Plan International has scaled up its response to Tropical Cyclone Idai across Mozambique, Zimbabwe and Malawi, with hundreds of thousands in desperate need of assistance.
The leading girls’ rights agency is supporting search and rescue operations and distributing essential household items in coordination with national governments, local partners and other humanitarian organisations.
Over 350 people have died in the three countries, with Mozambique recording the highest death toll.
The number of people affected by the disaster is also climbing. In Mozambique, some 260,000 children have been affected and at least 350,000 people are at risk from rising flood waters. In Malawi, close to a million people have been affected - nearly half are children.
Plan International’s Gerald Magashi is on the ground in Beira – the most severely affected city in Mozambique. He said: “The situation in Beira is dire. It looks like all the houses have been wiped out. There’s no power, there’s no fuel, even communication is really difficult. There are no roofs on houses, they have been blown away. People are sleeping outside.”
Plan International’s key priority is to ensure that anyone who is displaced has access to food, shelter, clothing and blankets to keep them warm in windy nighttime conditions. The organisation is also concerned about the impact of the disaster on children, particularly adolescent girls, who are uniquely vulnerable.
Displaced girls living in shelters are especially at risk of gender-based violence. Across the three countries affected by Cyclone Idai, many people are sheltering in overcrowded schools, churches and public buildings with communal bathroom facilities, increasing their vulnerability to potential risks.
Stuart Katwikirize, Plan International’s Regional Head of Disaster Risk Management, said: “We are focusing on the needs of adolescent girls in our response. Our priority is to ensure their needs are met as much as possible, including providing protection and the distribution of dignity kits.”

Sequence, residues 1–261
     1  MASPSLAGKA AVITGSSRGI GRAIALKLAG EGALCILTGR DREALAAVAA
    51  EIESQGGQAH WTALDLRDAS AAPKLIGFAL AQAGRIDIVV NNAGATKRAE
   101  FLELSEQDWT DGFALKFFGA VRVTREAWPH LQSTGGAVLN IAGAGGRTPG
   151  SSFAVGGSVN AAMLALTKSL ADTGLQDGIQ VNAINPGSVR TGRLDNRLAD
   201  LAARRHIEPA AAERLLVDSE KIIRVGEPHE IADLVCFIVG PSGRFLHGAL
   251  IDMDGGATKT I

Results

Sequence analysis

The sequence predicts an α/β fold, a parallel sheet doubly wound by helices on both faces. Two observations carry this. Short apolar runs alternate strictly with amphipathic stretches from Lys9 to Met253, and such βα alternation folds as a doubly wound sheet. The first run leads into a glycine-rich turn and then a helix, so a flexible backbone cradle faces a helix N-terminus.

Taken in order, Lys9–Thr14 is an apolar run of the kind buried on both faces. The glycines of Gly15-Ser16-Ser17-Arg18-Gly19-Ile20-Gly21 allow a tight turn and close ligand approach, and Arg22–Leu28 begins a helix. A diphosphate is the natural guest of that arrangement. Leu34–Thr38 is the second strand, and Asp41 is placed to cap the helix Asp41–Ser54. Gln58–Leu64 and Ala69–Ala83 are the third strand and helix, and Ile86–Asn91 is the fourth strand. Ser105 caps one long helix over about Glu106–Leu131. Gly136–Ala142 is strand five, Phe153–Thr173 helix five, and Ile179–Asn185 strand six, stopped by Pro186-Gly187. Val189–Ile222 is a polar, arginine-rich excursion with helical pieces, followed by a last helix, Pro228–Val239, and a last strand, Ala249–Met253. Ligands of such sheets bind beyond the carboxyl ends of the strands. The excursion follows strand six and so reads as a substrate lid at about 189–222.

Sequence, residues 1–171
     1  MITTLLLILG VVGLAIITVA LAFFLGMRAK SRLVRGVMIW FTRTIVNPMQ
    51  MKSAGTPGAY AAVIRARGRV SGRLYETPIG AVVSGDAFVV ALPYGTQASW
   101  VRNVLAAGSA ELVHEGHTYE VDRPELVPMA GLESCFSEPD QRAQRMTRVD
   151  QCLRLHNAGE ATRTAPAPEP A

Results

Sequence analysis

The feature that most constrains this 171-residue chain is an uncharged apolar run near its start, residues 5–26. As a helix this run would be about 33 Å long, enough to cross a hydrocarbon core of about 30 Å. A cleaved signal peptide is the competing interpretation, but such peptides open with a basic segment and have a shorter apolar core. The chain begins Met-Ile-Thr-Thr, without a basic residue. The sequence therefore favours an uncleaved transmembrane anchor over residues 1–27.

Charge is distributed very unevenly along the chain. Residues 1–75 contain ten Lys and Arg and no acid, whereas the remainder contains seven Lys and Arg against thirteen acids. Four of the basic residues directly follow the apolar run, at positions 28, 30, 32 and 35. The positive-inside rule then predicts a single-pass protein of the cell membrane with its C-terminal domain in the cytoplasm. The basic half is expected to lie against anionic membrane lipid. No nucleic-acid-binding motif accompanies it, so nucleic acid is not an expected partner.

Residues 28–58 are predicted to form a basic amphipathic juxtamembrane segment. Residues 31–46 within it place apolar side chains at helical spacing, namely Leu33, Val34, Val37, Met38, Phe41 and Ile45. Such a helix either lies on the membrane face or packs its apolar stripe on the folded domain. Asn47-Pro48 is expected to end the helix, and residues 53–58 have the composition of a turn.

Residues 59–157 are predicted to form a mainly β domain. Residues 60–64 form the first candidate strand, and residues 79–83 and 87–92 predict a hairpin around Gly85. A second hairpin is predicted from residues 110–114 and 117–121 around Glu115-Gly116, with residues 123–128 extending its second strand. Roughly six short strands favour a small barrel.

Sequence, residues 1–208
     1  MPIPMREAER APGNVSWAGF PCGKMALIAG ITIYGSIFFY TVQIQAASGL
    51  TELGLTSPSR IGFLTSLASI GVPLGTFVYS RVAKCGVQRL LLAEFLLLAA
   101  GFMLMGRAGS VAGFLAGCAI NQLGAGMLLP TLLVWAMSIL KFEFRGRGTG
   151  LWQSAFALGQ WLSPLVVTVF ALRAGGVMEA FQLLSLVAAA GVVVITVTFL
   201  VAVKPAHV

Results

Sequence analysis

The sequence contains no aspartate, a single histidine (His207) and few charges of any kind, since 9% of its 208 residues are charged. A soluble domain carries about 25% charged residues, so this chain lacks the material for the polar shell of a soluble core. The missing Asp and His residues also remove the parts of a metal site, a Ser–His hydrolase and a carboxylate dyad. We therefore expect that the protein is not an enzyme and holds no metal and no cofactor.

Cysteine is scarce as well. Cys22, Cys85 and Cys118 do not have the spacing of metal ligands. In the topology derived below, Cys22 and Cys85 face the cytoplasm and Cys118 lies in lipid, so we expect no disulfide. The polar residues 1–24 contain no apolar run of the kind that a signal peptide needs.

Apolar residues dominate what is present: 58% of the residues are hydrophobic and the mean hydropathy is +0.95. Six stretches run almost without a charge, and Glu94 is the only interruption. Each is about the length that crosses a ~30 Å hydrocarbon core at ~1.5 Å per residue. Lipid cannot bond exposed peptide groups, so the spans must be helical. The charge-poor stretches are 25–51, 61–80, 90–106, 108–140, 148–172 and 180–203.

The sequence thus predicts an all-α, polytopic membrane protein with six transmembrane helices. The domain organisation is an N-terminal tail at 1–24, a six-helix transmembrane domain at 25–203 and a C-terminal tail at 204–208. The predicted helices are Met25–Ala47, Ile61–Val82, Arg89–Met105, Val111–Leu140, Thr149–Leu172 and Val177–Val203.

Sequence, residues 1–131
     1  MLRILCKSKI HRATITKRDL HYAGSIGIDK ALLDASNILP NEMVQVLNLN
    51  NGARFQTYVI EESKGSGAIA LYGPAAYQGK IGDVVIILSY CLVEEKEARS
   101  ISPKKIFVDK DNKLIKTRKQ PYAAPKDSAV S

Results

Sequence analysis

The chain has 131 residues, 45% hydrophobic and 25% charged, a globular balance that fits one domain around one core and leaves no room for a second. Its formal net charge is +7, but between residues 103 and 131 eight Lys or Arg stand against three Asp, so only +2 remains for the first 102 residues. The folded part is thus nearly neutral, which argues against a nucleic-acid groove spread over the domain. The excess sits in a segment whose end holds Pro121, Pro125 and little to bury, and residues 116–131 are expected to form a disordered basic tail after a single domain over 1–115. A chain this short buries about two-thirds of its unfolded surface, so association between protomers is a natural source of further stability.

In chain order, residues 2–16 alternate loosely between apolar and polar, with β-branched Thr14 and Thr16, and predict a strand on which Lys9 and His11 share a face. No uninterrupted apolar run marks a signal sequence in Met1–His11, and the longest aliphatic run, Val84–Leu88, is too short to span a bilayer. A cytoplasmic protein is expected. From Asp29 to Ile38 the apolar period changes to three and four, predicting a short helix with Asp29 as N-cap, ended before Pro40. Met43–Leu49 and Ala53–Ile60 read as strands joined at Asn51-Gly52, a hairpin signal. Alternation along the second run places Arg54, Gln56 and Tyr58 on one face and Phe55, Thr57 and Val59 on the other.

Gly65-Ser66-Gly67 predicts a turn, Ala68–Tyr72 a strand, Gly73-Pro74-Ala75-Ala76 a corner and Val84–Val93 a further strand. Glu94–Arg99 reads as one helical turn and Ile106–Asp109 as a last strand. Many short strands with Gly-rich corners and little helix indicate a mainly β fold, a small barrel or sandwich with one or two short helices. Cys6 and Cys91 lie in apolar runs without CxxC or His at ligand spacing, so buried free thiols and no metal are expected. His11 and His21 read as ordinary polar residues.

The organisation is also concerned about the potential for malaria and waterborne diseases to spread due to the flooding, which would put people, especially the most vulnerable like young children, at risk.
Anne Hoff, Country Director for Plan International Mozambique, said: “Emergencies often cause already fragile water and sanitation systems to break down or become damaged. This puts people, especially the most vulnerable, such as the young, elderly or those with disabilities at risk.
“Emergencies put girls and young women in particular in a very vulnerable situation. Also, lack of access to clean water increases the likelihood of an outbreak of waterborne diseases such as diarrhoea and cholera.”
Plan International is distributing blankets, dignity kits and utensils to affected families, as well as mosquito nets and water purification tablets – which can be lifesaving.
Plan International Australia has launched an appeal to assist those impacted by the disaster. Those who wish to donate can do so by clicking here.
About Plan International
Plan International is a leading girls’ rights agency. We work alongside children, young people, supporters and partners in more than 75 countries to tackle the root causes of injustices facing girls and the most marginalised children. We respond to emergencies to meet the needs of children and their families as quickly as possible, and we continue working with these communities afterwards to help them recover and rebuild their lives. We also work with children and their families to prepare for disasters, helping to reduce risks and save lives.
Our local office, Plan International Australia funds programs supporting children in more than 25 countries, as well as sponsorship, emergency response and disaster risk reduction programs across the federation.